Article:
("tuts not do so ha Is not atU ndlng to
nU bultim, but allowing tho intddlw
uma or hoiiio on vm I j attend to it f r
hi in, and a long as ho ounllnur to d
this, be should not oomntaln if be dx
rot gel what belong to him There Is
no nH.ety of selling otiUld- ft the
great Rtatkets If yon havo rtnkhle
parties to wh in yeu ran ship la con
Udrecw and this ttueattcn of oonndenee
Is Ucomtf tvor fully rstahJUbcd
very day. by? lice iu tbrt rn
1,'ood rvHaaHUt) tixi in rg
tn i set i whom hlw ran shin
It confide ne an.t rw falrlv .
Justly dett wlih V MWva thai all
t' l rtire ary to hrt ue readers
avail theitiwlvt s f thrt advantatrv ol
ahifpiog tlirrt'l U ki aiiusiai
as tvr sxth thsao houaoi I
I'm muj uur rwslr who doslr lo bis
kk! ...--u.i.,
At a figure high
l awyers they'll buy
Gifted o make it appear
That tututet Hfti cl
Fi r the pirate Und
And not for the ptople dear.
With whispers low
To councils they go
Willi stock and with contiacts srd cah;
They make them a ttrange majotity
The thing is done in a n"ah
Fr today the people are out in the co'di
To the rkh who purchase, the laws are sold
In a major key
With wiiked glee
Loud lings the pirate's !augh.
"The pi.ople free,
I have chained I" quoth he;
"I have siftidthe clly likechafT.
Ita streets are mine.
A harvest fine
They will bring to my palace door."
Ha stands in the sun and cries:
"I itx rty lives no more.
Dead and got e are the days of old,
W hen rogurs were timid and honest men
A moment hold,
Cood pirate bold,
Be not so sure I pray.
All black is Tin west
With storm oppreit
That may bunt ere the close of day;
The smiling wave
May prove a grave
And the seaman's merry sung
May die,fas the livid tempi st wrack
Sweeps the quivering sea along
Fortheugh we are not in the davsof old,
Rf gues may turn timid and honest men
The people asleep
Poor count may keep
Of tricks that arc played by your crew,
Hut Tit a riopi.s awakk,
A turn may take,
Sternly to reckon with you, 1
To wrong and greed, right at last may succeed,
And of outraged Justice the sword
May be lifted at length
To smite and slay 1
The enemies of the Lord .
Then our day shall be as the days of old,
With rogues grown timid and he nest men
bold. -
-Harier's Weekly.
ship to Chicago we desire to call at
tention to the well and favorably
known commission house of summers,
Morrison & Co., No., 174 So , Water
This firm is responsible and makes a
specialty of receiving shipments di
rect from the farmers and producers,
and they have a reputation of making
quick sa'ta and prompt re
turns. They handle butter, eggs, veal,
hay, grain and all other liDes of pro
duce. They also handle wool exten
sively and should you desire to place
your wool in the best market you can
find, we would advise that you corre
spond with them In regard to it before
selling. They wid cheerfully give ,
you prices on anything that you may
want in regard to then business
ineir aavertisaent may be ound on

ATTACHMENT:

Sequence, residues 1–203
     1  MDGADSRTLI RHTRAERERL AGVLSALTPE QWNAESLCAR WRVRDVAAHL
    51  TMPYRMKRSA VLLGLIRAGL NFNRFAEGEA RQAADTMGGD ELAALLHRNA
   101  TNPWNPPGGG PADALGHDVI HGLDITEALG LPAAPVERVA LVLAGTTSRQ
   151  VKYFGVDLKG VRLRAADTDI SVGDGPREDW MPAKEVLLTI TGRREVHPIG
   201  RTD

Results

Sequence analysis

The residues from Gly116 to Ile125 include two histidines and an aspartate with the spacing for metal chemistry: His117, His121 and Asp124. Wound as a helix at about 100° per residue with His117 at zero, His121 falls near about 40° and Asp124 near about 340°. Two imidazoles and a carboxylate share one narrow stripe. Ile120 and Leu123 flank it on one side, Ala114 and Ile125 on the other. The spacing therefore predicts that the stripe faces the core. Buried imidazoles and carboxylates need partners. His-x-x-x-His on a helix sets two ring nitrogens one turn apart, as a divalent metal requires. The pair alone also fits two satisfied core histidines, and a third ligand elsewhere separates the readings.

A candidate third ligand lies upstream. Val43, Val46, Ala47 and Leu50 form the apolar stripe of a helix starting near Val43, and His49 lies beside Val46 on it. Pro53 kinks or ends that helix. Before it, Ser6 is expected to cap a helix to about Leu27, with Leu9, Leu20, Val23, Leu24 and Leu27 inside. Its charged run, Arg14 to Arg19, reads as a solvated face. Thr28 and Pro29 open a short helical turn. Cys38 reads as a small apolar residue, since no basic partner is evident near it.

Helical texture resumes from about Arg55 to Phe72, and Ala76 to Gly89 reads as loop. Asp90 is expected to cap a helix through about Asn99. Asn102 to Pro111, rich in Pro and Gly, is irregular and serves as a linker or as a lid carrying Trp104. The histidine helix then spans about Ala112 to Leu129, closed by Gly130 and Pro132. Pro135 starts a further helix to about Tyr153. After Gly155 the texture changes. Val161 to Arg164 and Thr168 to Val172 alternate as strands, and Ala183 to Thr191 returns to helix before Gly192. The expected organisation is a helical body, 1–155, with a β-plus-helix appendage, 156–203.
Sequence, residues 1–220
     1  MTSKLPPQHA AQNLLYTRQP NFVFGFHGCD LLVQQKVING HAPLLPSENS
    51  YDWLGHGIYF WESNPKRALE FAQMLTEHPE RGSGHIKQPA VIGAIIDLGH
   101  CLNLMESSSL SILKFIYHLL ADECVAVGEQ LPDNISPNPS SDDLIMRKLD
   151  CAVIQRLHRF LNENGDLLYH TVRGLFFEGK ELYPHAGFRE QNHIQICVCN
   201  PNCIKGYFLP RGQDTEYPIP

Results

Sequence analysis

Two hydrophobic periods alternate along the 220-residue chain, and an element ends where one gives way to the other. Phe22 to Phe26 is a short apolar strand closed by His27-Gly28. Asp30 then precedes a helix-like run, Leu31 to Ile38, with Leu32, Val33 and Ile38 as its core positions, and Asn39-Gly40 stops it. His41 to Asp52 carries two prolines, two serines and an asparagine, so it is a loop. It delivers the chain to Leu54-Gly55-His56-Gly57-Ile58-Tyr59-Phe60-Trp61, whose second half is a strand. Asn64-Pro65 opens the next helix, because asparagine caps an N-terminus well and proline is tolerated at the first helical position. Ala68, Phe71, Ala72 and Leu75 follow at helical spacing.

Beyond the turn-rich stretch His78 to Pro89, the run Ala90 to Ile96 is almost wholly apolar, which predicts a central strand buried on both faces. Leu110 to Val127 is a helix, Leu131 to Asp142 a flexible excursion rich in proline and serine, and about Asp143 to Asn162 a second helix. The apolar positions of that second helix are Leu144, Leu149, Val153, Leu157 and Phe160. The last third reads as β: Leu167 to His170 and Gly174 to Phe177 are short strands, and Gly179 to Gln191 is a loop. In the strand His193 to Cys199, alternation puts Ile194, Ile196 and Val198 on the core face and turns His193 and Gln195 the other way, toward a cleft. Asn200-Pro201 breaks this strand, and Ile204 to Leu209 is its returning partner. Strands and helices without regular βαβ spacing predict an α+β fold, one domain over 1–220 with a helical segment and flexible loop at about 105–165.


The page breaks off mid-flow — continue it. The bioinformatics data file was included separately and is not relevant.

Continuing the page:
page 3. "
A Horse With a Mane Nine Feet In
Length, with the Hlngling Bros
! "Prince Chaldean, the percheron
Deauty" is the name that has been ap
propriately bestowed npon one of the
most beautiful specimens of the equine
that nature bas ever produced, and
which through the enterprise of the fa
mous Hlngling Hrothere, has now for
tho first time has been plaood upon ex
hlbition. Tht wonderful horio is
worth & cay's travel to behold. Ono
cannot conceive anything more bcautl
ful In horsrflesh. i'leturo the finest
and heaviest percheron ever Imported,
give him a lordly mien and ft noble
carriage, I no pint him with the pride of
an Irreproachable pedigree, ana crown
Ing all, imagine suco a horse with a
mane so long that despite his great
height it sweeps the ground, and that
will be mlnd-drawlng of this marvel
among cquints, Trine Chaldean's
mane by actual rsauremcnl Is nine
feet two Inches in length, and his tail
is correspondingly long. Ill weight Is
over INK! pounds, lie was sired IQ
Kurort l.oir. Normandy, and Is regis
tered ss No t.V and (M. Nothing like
this noble animal ha hitherto tmen
seen la America, ftd Mio of the njv
el fraturr of the Hlngling Urothef '
World's (rcatol Shows ho ha crvaUrd
ft This famous animal I the
lea tins feature of the wonderful bor
fair, riven In r.n motion with It ;ng
!tn? limther' World's (irvatest Hfiow.
1 hi nirnirMral iuln exhtliitln
t niVraee 3uj head of the fines! Impor
ted and dottiest o ttovk, gathered front
tnsny lands a! an outlay of bundrUsuf
thousand td dolUr ll will bo noon
to all who, vttttl lUngtttiir I Iridiums'
hhnw at l.lsoulu, WtdtHttLiy May ,
M, J'MMpph It' krf ( ArrUtfv and
Ui'ifdh s at Uwt I'fliva. ( 4tU gum
and prie i'st free, tUft and Mrsttio
PlJi. Mow
Weekly Crop Bulletin.
Bos well Objebvatory, Doane
College, Chete, April 26. Weather
report! have been received from ninety
eight observers in fifty-seven counties.
The weather has continued cold, dry
and windy except in the northeast cor
ner of the staU where a normal amount
of rain and snow have fallen.
The temperature has been about six da
grees below tho normal throughout the
state. There have been severe frosts
several nights injuring fruit buds gener
The rainfall has been about normal in
th northeast section of the State; about
nail the normal in tho southeast, de
creasing westward to none along the
western border and southwestern corner,
1 hero lias been little or no improve
ment in the condition of props during
ma weeK. mo grcuml ts generally in
good condition for farm work, but in
the southwest section it is beginning to
be too dry to plow.
- . , Hirvctor.
Welcome Italn.
ALMA, Neb., April 26. At last
The first rain of the season is pourin,
down its humble blcsttings on tho soil of
Harlan county to lay. For sovcta1
weeks the weather lias been hot, with
almost constant wind and tho posxibility
of another drouth this season
wis an occasional exniession
or regret. However there is
... ..
a vast acreage of small grain in this seo
tion and tho farmers are all feeling
jubilant over tho prospect for a big
crop again this season, now that a ram
nas put tho ground in cood condition
Tho small train h looklne vcrr cood
ana Marian county s production of corn